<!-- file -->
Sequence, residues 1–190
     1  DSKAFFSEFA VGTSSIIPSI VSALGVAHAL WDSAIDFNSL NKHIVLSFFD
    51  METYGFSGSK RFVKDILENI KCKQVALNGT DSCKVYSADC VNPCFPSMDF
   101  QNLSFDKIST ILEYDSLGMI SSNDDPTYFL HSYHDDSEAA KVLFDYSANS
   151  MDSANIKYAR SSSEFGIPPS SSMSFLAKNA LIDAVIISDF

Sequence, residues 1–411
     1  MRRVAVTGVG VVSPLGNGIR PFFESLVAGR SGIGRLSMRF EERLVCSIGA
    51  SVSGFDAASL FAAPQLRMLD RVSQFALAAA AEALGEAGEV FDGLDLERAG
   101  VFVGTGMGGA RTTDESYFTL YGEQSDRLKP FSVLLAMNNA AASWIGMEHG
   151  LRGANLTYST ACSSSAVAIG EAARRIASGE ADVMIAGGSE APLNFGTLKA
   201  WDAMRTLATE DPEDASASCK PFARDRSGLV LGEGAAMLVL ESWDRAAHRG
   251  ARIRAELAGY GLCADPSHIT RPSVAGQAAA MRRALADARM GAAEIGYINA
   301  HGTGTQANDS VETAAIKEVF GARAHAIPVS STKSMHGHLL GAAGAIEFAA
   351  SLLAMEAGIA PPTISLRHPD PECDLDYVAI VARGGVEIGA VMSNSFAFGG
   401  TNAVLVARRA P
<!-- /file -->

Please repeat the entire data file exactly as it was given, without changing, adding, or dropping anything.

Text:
Sequence, residues 1–190
     1  DSKAFFSEFA VGTSSIIPSI VSALGVAHAL WDSAIDFNSL NKHIVLSFFD
    51  METYGFSGSK RFVKDILENI KCKQVALNGT DSCKVYSADC VNPCFPSMDF
   101  QNLSFDKIST ILEYDSLGMI SSNDDPTYFL HSYHDDSEAA KVLFDYSANS
   151  MDSANIKYAR SSSEFGIPPS SSMSFLAKNA LIDAVIISDF

Sequence, residues 1–411
     1  MRRVAVTGVG VVSPLGNGIR PFFESLVAGR SGIGRLSMRF EERLVCSIGA
    51  SVSGFDAASL FAAPQLRMLD RVSQFALAAA AEALGEAGEV FDGLDLERAG
   101  VFVGTGMGGA RTTDESYFTL YGEQSDRLKP FSVLLAMNNA AASWIGMEHG
   151  LRGANLTYST ACSSSAVAIG EAARRIASGE ADVMIAGGSE APLNFGTLKA
   201  WDAMRTLATE DPEDASASCK PFARDRSGLV LGEGAAMLVL ESWDRAAHRG
   251  ARIRAELAGY GLCADPSHIT RPSVAGQAAA MRRALADARM GAAEIGYINA
   301  HGTGTQANDS VETAAIKEVF GARAHAIPVS STKSMHGHLL GAAGAIEFAA
   351  SLLAMEAGIA PPTISLRHPD PECDLDYVAI VARGGVEIGA VMSNSFAFGG
   401  TNAVLVARRA P